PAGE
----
the 1tb drive? well.. now. perhaps it was 50GB when it was used internally. :) Probably (not sure) windows deletes old system restore files if you change the drive cables/ports or enclosure.. I can only guess what happened, this is the most possible scenario I can think of. – medigeek Oct 12 '13 at 12:41
Thanks for trying. When I reached the same point of pretty much having to guess, I decided to ask here and see if anyone knew anything more definite. – Christi Oct 12 '13 at 13:07

A) This is quite commom. Depending on the disk-controller a drive may be reported as having slightly smaller or larger capacity.
There are several ways in which a SATA controller can present the cyclinders/heads/sectors (CHS system) or LBA blocks that the drive contains to the OS. If CHS is used that may result in a smaller capacity than the actual LBA blocks, because CHS numbers need to be rounded down to whole numbers.

E.g Let's assume that CHS = 10/4/5 which amounts to 10*4*5=200 LBA blocks. But if the drive has really 202 blocks those last 2 can't be represented in CHS.

Even if internally everything is done in LBA controllers often still round down to CHS values for compatibility with older Operating Systems that don't support LBA and need CHS in stead. (If the full LBA size is used in such a case the older system would NOT be able to access the last part of the drive.)

In your case the USB3 to SATA bridge in the USB3 enclosure does it slightly differently as the on-board SATA chip in your motherboard. In case of large drives the round-off error may be quite significant as you noticed.

B) Some enclosures reserve a small part of the disk for their build-in encryption and/or PortabelApps software. That may also account for the discrepancy.

Moral of this story: When you move a disk between controllers make sure to re-partition the disk with the geometry as determined by the new controller.
The original partition layout as determined on the original controller may not be valid on the new controller. And you will never know unless you try to access data at the very end of the disk.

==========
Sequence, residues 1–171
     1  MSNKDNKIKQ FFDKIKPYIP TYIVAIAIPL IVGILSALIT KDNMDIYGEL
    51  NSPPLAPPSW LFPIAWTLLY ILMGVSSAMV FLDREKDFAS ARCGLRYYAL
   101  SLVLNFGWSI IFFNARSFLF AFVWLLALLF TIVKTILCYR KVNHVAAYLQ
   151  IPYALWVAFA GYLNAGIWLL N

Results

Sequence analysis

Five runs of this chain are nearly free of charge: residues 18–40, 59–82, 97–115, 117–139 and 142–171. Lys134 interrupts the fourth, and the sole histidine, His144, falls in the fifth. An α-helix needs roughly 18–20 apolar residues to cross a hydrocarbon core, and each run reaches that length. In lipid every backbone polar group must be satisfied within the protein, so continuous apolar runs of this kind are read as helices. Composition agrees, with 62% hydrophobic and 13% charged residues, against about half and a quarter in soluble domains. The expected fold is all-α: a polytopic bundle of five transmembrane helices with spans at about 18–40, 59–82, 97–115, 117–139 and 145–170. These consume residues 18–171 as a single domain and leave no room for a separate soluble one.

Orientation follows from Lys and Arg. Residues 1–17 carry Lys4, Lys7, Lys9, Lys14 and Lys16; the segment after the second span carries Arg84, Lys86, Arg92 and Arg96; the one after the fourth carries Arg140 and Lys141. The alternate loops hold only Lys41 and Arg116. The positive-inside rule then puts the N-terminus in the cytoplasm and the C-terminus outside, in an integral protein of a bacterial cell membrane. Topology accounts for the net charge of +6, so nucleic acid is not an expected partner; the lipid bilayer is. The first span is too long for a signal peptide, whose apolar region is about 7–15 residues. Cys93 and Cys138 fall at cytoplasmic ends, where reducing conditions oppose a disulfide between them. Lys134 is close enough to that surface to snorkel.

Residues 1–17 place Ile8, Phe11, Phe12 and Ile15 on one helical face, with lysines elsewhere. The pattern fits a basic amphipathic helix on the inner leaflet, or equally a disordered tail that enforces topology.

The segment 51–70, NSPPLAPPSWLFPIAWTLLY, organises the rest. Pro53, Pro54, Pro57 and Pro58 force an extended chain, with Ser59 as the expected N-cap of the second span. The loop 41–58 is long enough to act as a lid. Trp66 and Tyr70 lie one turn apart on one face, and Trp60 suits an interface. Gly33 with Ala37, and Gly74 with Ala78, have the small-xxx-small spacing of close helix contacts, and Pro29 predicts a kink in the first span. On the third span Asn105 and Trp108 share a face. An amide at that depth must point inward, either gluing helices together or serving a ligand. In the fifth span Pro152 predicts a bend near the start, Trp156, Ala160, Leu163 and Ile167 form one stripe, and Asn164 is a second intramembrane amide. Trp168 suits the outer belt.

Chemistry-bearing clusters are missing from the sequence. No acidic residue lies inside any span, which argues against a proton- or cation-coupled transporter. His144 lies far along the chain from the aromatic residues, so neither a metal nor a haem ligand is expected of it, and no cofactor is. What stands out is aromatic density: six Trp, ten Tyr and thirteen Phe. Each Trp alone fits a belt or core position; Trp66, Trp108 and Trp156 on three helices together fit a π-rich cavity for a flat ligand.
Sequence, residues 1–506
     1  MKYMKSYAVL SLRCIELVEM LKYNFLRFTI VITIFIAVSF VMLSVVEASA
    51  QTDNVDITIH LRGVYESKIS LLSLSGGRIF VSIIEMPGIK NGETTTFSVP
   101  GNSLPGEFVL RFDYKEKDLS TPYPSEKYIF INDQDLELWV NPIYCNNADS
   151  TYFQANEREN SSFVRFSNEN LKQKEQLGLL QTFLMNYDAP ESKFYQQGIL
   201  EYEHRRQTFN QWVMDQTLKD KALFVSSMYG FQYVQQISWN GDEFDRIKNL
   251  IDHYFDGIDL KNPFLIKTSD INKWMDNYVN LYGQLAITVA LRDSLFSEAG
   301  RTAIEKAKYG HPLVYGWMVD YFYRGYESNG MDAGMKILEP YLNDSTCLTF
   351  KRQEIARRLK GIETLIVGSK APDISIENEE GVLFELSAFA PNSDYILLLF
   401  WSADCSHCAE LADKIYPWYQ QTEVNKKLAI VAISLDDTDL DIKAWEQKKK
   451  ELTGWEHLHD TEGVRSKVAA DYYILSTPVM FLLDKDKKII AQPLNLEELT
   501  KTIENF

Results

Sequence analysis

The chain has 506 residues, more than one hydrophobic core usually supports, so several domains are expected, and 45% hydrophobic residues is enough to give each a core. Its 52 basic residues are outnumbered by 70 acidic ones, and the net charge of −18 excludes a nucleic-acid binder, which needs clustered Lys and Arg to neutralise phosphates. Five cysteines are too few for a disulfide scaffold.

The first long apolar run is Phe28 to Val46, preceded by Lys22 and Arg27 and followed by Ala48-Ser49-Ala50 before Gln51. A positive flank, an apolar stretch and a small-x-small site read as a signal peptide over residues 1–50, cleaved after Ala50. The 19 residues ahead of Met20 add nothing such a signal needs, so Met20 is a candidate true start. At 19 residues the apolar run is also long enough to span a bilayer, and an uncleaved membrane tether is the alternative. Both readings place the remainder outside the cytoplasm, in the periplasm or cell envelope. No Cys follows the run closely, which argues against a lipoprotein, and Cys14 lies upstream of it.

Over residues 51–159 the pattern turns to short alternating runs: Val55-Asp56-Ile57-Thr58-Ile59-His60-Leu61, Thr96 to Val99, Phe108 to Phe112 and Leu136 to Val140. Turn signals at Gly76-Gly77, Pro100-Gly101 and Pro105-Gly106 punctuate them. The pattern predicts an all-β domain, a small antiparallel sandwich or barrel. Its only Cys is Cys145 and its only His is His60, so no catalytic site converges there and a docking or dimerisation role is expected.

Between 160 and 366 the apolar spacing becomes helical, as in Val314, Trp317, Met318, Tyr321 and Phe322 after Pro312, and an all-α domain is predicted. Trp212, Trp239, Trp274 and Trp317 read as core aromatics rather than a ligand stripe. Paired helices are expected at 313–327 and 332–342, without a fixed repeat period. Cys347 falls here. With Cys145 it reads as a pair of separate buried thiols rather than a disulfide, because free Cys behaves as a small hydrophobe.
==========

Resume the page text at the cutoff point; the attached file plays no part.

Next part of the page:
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Eh? This makes no sense. The drive will have exactly the same partition table whether it is attached to a SATA port in the PC or plugged in to an external enclosure. To Windows 7 the partition will be the same size wherever you plug it in. This question is about the free space on the existing partition changing, something your answer doesn't even touch on. – Mark Booth Oct 12 '13 at 12:12
@MarkBooth That wasn't clear from your question. I interpreted that as the disk (not partition) appears larger. And my answer stands for that case. And I never said the partition table changed ! But the way the drive is presented to the OS changes which can make the existing partition-table invalid if the new size is smaller than the old one. (Or boundaries of partitions become invalidated by the geometry change. That's another possibility.) – Tonny Oct 12 '13 at 13:12
Where did you get the idea that this was my question @Tonny? Our usernames are completely different! There was no mention of repartitioning in the Q, just that the free space changed. Even if we were talking about repartitioning, the rest of your answer is pure fiction. If you can offer even a single example of a SATA drive which presents a different number of LBA blocks depending on which controller it is plugged into, I will buy you a pint. – Mark Booth Oct 12 '13 at 22:16